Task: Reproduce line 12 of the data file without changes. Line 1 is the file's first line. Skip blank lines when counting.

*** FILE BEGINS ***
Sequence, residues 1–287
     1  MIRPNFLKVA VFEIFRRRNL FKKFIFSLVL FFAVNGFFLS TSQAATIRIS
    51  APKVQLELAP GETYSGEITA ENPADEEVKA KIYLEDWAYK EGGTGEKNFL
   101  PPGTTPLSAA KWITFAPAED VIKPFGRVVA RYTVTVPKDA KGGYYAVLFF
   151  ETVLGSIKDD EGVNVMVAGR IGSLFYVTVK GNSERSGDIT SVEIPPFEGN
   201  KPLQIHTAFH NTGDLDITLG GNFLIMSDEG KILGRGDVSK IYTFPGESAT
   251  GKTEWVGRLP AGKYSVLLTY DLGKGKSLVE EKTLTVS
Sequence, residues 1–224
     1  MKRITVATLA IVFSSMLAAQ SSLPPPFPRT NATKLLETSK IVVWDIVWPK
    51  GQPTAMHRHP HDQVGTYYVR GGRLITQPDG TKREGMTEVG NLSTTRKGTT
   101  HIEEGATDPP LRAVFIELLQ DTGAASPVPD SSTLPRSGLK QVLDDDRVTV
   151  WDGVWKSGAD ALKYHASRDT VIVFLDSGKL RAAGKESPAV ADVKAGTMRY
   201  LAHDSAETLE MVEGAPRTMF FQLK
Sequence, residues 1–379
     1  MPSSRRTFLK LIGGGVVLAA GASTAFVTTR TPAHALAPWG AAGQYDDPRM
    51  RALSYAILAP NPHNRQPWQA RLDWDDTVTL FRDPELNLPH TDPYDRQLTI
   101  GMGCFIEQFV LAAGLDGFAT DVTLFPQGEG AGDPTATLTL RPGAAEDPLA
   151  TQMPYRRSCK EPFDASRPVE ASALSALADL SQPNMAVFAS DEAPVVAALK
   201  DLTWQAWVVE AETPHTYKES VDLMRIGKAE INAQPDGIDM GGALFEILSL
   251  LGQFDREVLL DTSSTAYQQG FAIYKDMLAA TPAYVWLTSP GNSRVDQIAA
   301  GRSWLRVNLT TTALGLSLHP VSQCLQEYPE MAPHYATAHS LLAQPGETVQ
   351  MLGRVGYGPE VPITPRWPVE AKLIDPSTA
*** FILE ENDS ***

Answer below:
   151  WDGVWKSGAD ALKYHASRDT VIVFLDSGKL RAAGKESPAV ADVKAGTMRY